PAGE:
101 The Social Security Numbers were clearly visible until we used our smudge tool to block them. This is an example of the very public nature of Floridas Public Records. The document shown here is the recorded signature of former CIA Director Porter Goss and Mrs. Porter Goss. Social security numbers for both are listed on this document, which recorded property they own in Lee County, Florida. (Note: We have redacted the SSNs with a smudge tool, but the SSNs are actually clearly visible on the internet.)

102 Did you know that the State of Florida has one of the most open public records laws in the country? Documents are scanned on a regular basis and made available to the public. Some documents are free, while others require a small fee to access. Currently, Florida law does not require personal information to be redacted by the agency scanning and posting the documents on the internet.

103 Review your public records by visiting the website. Know your rights…. Utilize Florida Statues 119.071 (5)(7b) to have any Florida Clerk of Court redact any of your personal information.

104 Free to anyone who has access to the internet, the SSDI is a database that allows interactive searches through more than 76 million records of deceased persons. The SSDI is available on a variety of sites. One of the most user-friendly is Social Security Death Index

105 The Social Security number was clearly visible until we used our smudge tool to block it. This is the death record of the legendary Cary Grant, with the SSN visible on the SSDI website.

106 Social Security Death Index The SSDI website displays all of the information that you would need to steal a persons identity. In the example displayed in the previous slide, the SSN has been redacted by us through a smudge tool. But on the SSDI site and other commercial sites, the SSNs and dates of birth are clearly visible.

107 Social Security Death Index Of note, the Social Security Administration does not publish the death index. But the SSA does make that information available to commercial entities who then publish the information on the internet legally.

108 Social Security Death Index From the SSDI site, you can even order a photocopy of the actual application for a Social Security card. A great tool for genealogists and an even better one for identity thieves.

109 Of note, the experts say that children and the nations seniors – while not targeted in particular – are very susceptible to identity theft. If you were born in the United States, you were assigned a social security number at birth. Credit can be obtained from that moment in your name.

110 Parents, namely those involved in domestic abuse situations or divorce, have obtained credit in their childs name, actually ruining that childs credit before the child reaches the age of 18.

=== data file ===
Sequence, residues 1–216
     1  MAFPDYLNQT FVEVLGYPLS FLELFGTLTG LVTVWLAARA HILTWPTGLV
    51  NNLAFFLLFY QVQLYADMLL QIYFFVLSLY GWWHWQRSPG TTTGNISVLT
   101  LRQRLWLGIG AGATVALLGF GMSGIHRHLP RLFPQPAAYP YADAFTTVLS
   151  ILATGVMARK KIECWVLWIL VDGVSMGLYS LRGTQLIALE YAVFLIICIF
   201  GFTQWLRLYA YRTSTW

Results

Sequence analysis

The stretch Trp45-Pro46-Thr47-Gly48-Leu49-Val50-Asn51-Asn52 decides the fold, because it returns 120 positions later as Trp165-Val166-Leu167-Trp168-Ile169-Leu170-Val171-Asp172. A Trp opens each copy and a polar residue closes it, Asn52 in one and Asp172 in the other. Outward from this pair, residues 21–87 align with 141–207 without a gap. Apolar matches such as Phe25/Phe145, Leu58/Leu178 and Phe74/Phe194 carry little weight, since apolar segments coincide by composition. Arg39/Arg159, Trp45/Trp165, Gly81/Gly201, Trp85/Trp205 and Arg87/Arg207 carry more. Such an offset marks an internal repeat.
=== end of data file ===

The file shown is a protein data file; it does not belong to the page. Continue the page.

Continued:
111 And now a few words about other security issues, such as the publishing of identifying information to sites such as, Facebook, chat rooms, forums, and blogs…. And now a few words about other security issues, such as the publishing of identifying information to sites such as, Facebook, chat rooms, forums, and blogs….

112 The internet provides access to hundreds of social networking sites. As great as these sites are for teens, advertisers, music groups, etc., there are some dangers.

113 Sexual predators actively troll these sites, luring people of all ages away from their safe surroundings. Tidbits of your personal info is enough for most predators to locate you. And sexual predators

114 And employers are now searching these sites looking for info regarding prospective employees. It is estimated that between 25 and 50 percent of employers who are engaged in college hiring will use and Facebook as part of the background process. And your professional career

115 Employers can base the decision to not hire you on your online profile, the photos that you post, the language that you use, etc. And they can do this legally. And your professional career

116 Information posted on social networking sites and discovered by employers is not covered by the Fair Credit Reporting Act. Employers do not have to disclose to you what they have found out about you from one of these sites. And your professional career

117 Experts recommend that you should remove all profiles from the Internet. Relying on privacy settings will not deter all employers, especially the ones who can use their childs e-mail account. And your professional career

118 Visit the websites listed below for more information about identity theft and suggestions on how to protect your identity. Video – What you should know about phishing identity-theft scams Recognize phishing scams and fraudulent e-mails What to do if youre a victim of credit card fraud Office of the Attorney General of Florida: Identity Theft Office of the Attorney General of Florida: Floridas Identity Theft Victim Kit Office of the Attorney General of Florida: Preventing Identity Theft

119 FTC and other federal agencies new site: Identity Theft Resource Center (A Non-Profit Organization): Federal Trade Commission: Your National Resource about Identity Theft http:/ / Anti-Phishing Working Group: Committed to wiping out Internet scams and fraud Citi Identity Theft Solutions FL Dept of Agriculture and Consumer Services: Identity Theft – dont be left in the dark Secure Florida Website United States Department of Justice: Fraud Equifax Credit Reporting Agency: Identity Theft – How Identity Theft Strikes TransUnion: Fraud Victim Rights

120 This presentation was produced and distributed by: Chipola Colleges Information Systems